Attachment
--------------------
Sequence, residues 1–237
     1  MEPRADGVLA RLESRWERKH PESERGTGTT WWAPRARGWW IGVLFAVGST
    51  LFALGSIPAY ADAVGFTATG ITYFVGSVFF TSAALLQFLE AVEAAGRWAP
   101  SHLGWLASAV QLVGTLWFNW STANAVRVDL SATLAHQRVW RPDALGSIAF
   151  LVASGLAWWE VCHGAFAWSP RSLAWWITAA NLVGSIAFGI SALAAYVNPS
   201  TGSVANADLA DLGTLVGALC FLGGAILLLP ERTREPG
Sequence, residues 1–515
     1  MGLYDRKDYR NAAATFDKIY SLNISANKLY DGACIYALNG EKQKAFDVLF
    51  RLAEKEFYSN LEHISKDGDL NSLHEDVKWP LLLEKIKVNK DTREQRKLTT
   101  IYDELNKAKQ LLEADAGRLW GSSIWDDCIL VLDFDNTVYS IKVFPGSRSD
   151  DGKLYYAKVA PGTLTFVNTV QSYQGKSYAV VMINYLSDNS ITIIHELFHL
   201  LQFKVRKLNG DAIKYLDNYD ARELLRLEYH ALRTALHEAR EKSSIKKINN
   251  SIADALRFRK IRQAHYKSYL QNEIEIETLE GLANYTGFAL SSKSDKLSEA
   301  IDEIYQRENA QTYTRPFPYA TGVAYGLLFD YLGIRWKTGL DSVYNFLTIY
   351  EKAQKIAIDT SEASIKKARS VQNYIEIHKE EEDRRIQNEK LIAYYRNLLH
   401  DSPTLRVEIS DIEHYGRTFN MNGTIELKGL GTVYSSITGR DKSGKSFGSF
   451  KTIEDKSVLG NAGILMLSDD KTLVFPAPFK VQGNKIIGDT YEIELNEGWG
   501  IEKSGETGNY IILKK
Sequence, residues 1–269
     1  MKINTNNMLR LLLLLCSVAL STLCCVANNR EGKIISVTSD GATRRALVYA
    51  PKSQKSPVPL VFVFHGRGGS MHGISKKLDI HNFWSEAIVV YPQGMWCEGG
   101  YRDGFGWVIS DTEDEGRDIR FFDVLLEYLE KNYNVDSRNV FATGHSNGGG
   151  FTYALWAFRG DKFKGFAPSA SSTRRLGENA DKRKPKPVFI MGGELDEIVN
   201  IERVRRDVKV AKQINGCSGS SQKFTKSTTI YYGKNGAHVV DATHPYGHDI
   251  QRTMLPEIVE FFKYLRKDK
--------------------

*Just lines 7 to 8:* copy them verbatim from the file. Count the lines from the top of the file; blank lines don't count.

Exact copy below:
Sequence, residues 1–515
     1  MGLYDRKDYR NAAATFDKIY SLNISANKLY DGACIYALNG EKQKAFDVLF